Recognizing the pages with the lowest bounce rates on your site will help you plan a better long-term strategy and create better-performing content.

Continue to Affinity Categories to see a more detailed drill-down showing bounce rates. If a specific type of content has a minimal bounce rate, you just found a group of people who like what they see on your site. You should "like them back" by tweaking your content and campaigns for them.

3. Analyze Your Content

People will come to your site because of its content. They will leave for the same reason. Google Analytics can help you see what content works and doesn't, allowing you to plan the type of content you should publish in the future. 

Find what’s performing better and try to replicate those successes while minimizing or eliminating anything that doesn’t work and ends up pushing your visitors away.

As a bonus, you can check what your visitors want to see on your site, basically providing you with a ready-to-use list of hot topics.

Site Search

You can know exactly what your visitors want from your site. Just look at how they use its search functionality!

Analytics' Site Search will help you understand the content your visitors expect to find on your site. If it doesn't exist, it will provide you with a helpful list of topics you should think about covering.

A peek at the Organic Search report of Google Analytics will show you the search terms people used to find your site. You can treat them as keywords and tweak your SEO to include them.

Organic Search

The Acquisition > Overview > Organic Search report will show you the search keywords that led people to your site. Based on those, you can build a list of topics you should target in the future.

For example, if your main content deals with computers, you might find that a significant chunk of your visitors is interested in an area you could easily tap into gadgets.

You may find that it’s a good idea to add an “eco-friendly” sub-category to your cookware e-shop, promoting recyclable and reusable items. Or that adding some sporting gear reviews on your site about football will go over well with your audience.

High Traffic - Low Conversions

Some of your site's pages may perform exceptionally well as far as views go but also have a very high bounce rate. Find and tweak them to reduce the problem and boost conversions.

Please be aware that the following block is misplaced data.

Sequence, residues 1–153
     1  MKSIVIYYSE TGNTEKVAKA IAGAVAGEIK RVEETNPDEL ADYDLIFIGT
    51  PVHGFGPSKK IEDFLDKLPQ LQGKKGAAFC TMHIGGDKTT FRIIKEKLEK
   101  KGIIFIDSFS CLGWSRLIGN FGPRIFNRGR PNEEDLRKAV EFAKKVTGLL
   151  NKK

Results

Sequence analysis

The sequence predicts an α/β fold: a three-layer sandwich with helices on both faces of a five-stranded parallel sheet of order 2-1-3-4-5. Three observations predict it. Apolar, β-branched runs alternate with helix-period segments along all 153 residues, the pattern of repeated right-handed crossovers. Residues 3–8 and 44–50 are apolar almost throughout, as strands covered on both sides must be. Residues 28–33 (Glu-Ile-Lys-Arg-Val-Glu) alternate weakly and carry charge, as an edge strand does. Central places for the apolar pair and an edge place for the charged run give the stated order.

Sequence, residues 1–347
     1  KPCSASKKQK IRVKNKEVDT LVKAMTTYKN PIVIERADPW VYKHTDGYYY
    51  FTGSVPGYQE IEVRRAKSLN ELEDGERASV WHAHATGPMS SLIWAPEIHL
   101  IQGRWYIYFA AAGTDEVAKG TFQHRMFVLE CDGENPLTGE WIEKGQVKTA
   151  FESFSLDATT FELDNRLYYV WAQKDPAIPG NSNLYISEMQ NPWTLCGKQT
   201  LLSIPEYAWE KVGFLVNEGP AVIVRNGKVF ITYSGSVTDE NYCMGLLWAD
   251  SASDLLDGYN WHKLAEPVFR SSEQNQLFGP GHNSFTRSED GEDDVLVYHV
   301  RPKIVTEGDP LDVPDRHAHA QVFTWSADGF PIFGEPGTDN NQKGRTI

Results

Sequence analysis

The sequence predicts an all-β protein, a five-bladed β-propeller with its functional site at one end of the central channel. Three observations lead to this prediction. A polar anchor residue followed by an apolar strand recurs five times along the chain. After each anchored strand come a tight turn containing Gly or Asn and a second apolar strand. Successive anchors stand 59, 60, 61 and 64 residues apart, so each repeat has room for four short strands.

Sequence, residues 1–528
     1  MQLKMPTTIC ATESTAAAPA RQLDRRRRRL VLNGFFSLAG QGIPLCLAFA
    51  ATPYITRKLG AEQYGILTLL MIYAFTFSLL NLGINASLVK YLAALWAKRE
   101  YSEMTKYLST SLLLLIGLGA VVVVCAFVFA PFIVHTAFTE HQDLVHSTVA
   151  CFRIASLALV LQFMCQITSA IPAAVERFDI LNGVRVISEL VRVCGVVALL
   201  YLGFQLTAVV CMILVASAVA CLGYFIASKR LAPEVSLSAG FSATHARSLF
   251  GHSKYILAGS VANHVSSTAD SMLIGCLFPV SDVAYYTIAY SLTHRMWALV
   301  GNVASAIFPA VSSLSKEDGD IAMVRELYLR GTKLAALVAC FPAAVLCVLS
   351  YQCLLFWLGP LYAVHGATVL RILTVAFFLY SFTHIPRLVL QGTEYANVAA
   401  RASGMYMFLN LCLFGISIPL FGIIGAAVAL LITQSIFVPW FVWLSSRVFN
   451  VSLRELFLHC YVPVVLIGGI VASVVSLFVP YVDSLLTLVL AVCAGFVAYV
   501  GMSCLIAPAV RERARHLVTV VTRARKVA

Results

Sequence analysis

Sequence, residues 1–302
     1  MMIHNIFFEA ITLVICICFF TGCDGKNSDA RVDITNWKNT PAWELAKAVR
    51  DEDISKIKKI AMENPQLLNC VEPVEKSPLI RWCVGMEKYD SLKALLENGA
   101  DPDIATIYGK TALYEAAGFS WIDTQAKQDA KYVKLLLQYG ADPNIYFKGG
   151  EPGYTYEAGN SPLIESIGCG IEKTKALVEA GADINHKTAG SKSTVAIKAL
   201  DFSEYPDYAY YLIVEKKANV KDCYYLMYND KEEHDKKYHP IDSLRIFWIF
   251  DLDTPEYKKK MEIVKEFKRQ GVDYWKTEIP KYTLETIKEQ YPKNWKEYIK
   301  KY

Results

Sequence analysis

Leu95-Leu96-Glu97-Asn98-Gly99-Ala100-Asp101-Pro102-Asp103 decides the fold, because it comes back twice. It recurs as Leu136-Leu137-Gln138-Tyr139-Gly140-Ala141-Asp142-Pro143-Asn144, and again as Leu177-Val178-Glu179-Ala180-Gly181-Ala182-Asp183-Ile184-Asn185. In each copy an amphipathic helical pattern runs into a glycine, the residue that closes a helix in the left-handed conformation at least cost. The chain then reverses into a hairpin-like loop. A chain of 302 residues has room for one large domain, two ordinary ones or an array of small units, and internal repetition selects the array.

Select Behavior > Site Content > Landing Pages to find your best performers. Then, click the "Comparisons" button (fourth after the search field). Select "Bounce Rate" from the second pull-down menu on the new report.

As you'll see, traffic is only half the picture: many of your most popular pages will also have a high bounce rate. It would be best if you concentrate on engaging content that leads to conversions, not more insubstantial page views.

4. Act on Your Data

Using Google Analytics will give you a clearer picture of your audience and content. You can use this newfound knowledge to expand your reach and increase your conversions. After finding what your content should be, it’s also time to consider additional parameters that play a role in its success - like the time of publication.

Don’t post when nobody’s around to see what you posted. Find the optimal content posting times with a glance at the “When Do Your Users Visit” panel on the Google Analytics home page.

Optimal Publishing

On the Homepage of Google Analytics, notice the "When do your users visit?" panel. There you can see a heatmap that shows the optimal time frames to publish your content. Why post something when there's no one around to see it?

As we mentioned earlier, you should also shift your content more towards the topics that are proven by cold, hard data to work and convert. Then, expand on your existing content based on the keywords people use to find your site or through its search.

Set Some Goals

Setting up Goals in Google Analytics will help you see if you approach your actual goals or drift further away from them. Has a post you estimated would have thousands of views achieved that goal? Are your visitors registering on your site or bouncing away after one or two page views?

For help on how to set up your first goals, take a look at Google Analytics help page on the matter.

The Tip of the Iceberg

What we just covered is only the beginning of your journey to optimize your content. You should reassess your approach to SEO based on the data you acquire. Consider this an area in constant flux: people and trends change.

By always keeping an eye on Google Analytics, you'll be able to steer your site towards success. To avoid the trappings of high-performing but low-converting campaigns, check out more suggestions on creating better content.

We would love to hear more about how you use Analytics to improve your content—leave us a comment with your tips or suggestions.

Prafull Sharma is the Founder of content marketing agency LeadsPanda. He shares tips to 2x your content marketing results on LeadsPanda blog.